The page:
August 1, 2013
Fired again for being too country. This is Vic Lawson.
Yes folks, it’s true. Another country band fired for being too country in Nashville. I’ve been playing a few gigs here and there with a young man from California that enjoyed and loves playing traditional country and western swing music and we ended up playing a few gigs in Nashville recently.
He ended up picking up a month of Thursday nights at a club called Big Shotz on Second Avenue. Our first night there was last Thursday night. We played his normal set list which consisted of typical George Strait, Mark Chestnut, Keith Whitley and some originals.
The gig went well. Then I got a call last night saying we were fired because we were too country. This is getting more common in Nashville these days. I can see that there should be a club or two that wants to have more pop style music, but nowadays, it’s the opposite. There’s more pop style music and less traditional country.
I’m not sure about the rest of the country, but here in Nashville it seems the bartenders determine what kind of music is played above anyone else. For example, one of the bartenders at Big Shotz looked like she fell in a tackle box with all the piercings and tattoos.
She said, “You all are good, but kind of boring.” Even though we had a half capacity audience which we thought was good for a Thursday night.
Keep in mind this wasn’t some slouch band. We had a session player, James Mitchell playing lead guitar. Everybody in the band was a class A player. I told Buck I was ashamed to live here from a steel players point of view.
With that being said, if you come to Nashville, don’t get your hopes up too much to find traditional country music. I think it’s sad that people have let it come to this.
Here’s another story that underscores the developing situation in the Nashville music scene.
Ben Probus is Hoot Hester’s nephew. Any Grand Ole Opry fan will recognize Hoot as the Opry staff band’s fiddle player. Ben got the idea to have a jam session to help players who are new in town by giving them a chance to get up and play and show people what they can do and network and get known around town.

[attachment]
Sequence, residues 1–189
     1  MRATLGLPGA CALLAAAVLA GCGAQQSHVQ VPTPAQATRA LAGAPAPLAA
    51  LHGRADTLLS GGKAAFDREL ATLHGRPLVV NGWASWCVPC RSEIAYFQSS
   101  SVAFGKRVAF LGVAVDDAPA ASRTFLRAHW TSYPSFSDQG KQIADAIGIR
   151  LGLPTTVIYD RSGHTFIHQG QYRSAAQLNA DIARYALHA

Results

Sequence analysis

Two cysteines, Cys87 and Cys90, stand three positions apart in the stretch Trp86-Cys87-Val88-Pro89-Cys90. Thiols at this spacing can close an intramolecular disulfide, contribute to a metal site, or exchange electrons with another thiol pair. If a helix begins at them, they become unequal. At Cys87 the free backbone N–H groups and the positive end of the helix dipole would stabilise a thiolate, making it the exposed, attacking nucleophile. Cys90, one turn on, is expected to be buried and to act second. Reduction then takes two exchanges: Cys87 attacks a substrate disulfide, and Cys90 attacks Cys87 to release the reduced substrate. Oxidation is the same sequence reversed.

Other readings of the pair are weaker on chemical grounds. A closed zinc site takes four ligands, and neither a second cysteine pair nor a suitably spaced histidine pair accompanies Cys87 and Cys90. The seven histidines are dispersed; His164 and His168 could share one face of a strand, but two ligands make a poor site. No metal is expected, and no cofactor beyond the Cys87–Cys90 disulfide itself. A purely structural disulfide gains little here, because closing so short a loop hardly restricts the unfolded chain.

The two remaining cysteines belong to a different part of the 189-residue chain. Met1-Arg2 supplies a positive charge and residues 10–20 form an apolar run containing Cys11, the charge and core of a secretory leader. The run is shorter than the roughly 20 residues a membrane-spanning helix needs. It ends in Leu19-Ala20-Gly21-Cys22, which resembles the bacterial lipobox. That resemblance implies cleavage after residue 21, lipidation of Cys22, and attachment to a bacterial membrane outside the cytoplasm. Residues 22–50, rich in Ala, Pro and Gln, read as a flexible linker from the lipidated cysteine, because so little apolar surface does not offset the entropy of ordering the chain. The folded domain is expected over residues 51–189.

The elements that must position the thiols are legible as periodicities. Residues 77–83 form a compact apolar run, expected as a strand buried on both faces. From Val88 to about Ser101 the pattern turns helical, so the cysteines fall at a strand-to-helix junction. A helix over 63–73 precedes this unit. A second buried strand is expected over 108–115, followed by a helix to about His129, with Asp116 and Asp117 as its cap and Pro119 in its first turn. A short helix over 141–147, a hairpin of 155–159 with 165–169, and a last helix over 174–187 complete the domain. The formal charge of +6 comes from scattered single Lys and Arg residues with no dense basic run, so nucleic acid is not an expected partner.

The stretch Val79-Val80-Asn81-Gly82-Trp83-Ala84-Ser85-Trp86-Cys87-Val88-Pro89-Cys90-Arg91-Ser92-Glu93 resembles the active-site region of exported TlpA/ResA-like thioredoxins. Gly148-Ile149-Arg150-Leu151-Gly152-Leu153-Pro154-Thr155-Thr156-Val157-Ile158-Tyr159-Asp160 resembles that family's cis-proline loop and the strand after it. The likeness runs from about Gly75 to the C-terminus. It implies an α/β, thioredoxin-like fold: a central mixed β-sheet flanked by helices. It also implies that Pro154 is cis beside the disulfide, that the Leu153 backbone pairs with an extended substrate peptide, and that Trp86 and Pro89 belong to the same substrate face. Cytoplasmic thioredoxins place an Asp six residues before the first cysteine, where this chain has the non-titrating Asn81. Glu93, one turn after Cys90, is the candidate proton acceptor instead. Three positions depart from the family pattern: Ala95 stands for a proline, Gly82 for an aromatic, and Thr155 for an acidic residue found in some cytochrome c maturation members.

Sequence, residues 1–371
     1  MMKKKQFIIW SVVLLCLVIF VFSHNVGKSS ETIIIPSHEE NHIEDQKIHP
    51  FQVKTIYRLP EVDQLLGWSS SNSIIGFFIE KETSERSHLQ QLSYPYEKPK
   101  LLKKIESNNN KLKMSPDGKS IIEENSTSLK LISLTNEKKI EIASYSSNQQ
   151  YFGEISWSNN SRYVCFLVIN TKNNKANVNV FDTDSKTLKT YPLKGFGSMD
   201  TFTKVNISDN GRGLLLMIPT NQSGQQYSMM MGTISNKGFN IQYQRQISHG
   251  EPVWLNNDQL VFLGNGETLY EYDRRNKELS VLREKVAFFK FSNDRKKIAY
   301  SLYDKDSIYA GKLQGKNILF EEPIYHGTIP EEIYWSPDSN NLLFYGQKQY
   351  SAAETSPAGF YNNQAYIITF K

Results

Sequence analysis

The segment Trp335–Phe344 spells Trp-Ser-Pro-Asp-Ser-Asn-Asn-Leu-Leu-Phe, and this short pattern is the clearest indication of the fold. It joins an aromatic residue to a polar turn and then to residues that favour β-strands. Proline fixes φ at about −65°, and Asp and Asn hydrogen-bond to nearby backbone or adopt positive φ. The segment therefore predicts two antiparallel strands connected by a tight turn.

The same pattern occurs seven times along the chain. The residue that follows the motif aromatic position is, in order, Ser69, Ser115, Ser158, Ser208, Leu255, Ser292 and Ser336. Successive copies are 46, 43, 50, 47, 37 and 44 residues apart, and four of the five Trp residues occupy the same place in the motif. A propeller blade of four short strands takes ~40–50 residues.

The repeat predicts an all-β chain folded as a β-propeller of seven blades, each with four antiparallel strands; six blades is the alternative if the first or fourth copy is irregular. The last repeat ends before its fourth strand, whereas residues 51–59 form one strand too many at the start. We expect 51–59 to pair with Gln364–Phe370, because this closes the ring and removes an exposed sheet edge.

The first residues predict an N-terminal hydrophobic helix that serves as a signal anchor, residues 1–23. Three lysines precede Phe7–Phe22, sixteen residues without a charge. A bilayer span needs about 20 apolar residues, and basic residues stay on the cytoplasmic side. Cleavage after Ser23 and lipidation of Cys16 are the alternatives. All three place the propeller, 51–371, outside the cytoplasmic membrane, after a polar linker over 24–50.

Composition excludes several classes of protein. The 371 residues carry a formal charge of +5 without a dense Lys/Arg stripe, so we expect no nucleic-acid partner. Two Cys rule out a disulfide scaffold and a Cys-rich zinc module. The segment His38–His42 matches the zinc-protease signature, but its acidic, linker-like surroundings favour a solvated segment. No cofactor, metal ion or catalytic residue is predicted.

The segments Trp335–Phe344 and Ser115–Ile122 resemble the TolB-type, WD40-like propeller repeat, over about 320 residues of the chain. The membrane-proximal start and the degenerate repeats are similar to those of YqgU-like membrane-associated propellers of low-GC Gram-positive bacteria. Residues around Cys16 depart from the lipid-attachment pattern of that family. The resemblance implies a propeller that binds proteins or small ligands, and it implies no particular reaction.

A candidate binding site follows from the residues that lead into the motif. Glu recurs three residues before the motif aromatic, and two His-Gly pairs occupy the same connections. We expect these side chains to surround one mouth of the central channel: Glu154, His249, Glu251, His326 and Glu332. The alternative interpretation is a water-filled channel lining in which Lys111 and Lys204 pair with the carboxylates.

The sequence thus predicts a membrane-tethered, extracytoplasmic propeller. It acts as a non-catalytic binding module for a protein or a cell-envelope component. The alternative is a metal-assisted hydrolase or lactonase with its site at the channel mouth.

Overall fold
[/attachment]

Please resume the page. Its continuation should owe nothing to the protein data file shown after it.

I was happy to be called to be the house band’s steel player. I thought it would be a cool gig. Of course, there were no new steel players to sit in which in itself didn’t surprise me. However, what I was surprised about was that out of four hours, I only played on maybe eight songs.
Not that I couldn’t have played on some of them, but I felt a little out of place because no one there was singing anything country, nor did the drummers know any of the country feels for any of the songs we wanted to do as the house band. Instead of a country jam, it ended up being a pop, rock and blues jam because that’s all these newcomers could play.
In fact, a good friend of mine, who is a female vocalist, came and put her name on the list to show support for Ben. At one point after she’d been there for an hour and a half, she told me that she was going to leave because she felt that I was the only one in the place that knew her songs and I agreed.
So to make a long story short, instead of a country jam night in Nashville, it turned out to be a pop and rock jam night. I don’t mean to sound like I dislike other genres of music. That is not the case.
From a steel players point of view, I felt out of place and I don’t think a steel player should feel that way being in Nashville. I felt like I was in some place where steel guitar was a novelty.
I can’t understand why players come to Nashville thinking they’re going to break into the country music business and make a living without knowing how to play a country song when there’s a lot of country players who can’t make a living playing country music.
Enough about this subject. I gotta keep my blood pressure under control.
I remember back in Oklahoma as a kid I had a gig about three hours from home. As I loaded my gear, I noticed a spare amp that I had setting in the corner and thought to myself, I think I’ll just take both amps tonight and I ended up glad that I went with my gut feeling because about a set into the gig, my Session 500 gave up the ghost.
I was extremely glad that I had the spare amp which was actually a bass amp, but it got me out of what could’ve been a difficult situation. If your amp lays down on you, you can’t usually run home and pick up a spare.
Even though it’s rare that you’ll need it, it’s always good to have a spare amp and volume pedal available. If you need a spare, we’ve got several used amps and volume pedals at this time and so our special this week is free shipping on all used amps shipped within the lower 48 States.
As always, we have free shipping on our new amps within the lower 48 states in case you want a brand new one.
Remember, we cater to steel players, not sound men.
Steel Guitar Nashville
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Hendersonville, TN. 37075
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